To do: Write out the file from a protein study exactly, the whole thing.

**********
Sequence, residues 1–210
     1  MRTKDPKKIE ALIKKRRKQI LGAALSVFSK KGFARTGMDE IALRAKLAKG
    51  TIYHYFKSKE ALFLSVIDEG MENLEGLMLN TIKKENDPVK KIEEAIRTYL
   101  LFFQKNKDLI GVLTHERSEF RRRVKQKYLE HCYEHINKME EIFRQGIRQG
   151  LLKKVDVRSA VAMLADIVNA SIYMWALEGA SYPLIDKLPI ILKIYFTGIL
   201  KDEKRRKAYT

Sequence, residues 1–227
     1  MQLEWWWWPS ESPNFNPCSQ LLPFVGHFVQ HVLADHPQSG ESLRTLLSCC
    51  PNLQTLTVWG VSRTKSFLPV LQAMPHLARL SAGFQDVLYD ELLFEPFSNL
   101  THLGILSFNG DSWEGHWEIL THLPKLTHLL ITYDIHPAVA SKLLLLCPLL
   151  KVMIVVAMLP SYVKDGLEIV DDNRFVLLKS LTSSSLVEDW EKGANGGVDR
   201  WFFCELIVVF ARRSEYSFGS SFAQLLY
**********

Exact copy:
Sequence, residues 1–210
     1  MRTKDPKKIE ALIKKRRKQI LGAALSVFSK KGFARTGMDE IALRAKLAKG
    51  TIYHYFKSKE ALFLSVIDEG MENLEGLMLN TIKKENDPVK KIEEAIRTYL
   101  LFFQKNKDLI GVLTHERSEF RRRVKQKYLE HCYEHINKME EIFRQGIRQG
   151  LLKKVDVRSA VAMLADIVNA SIYMWALEGA SYPLIDKLPI ILKIYFTGIL
   201  KDEKRRKAYT

Sequence, residues 1–227
     1  MQLEWWWWPS ESPNFNPCSQ LLPFVGHFVQ HVLADHPQSG ESLRTLLSCC
    51  PNLQTLTVWG VSRTKSFLPV LQAMPHLARL SAGFQDVLYD ELLFEPFSNL
   101  THLGILSFNG DSWEGHWEIL THLPKLTHLL ITYDIHPAVA SKLLLLCPLL
   151  KVMIVVAMLP SYVKDGLEIV DDNRFVLLKS LTSSSLVEDW EKGANGGVDR
   201  WFFCELIVVF ARRSEYSFGS SFAQLLY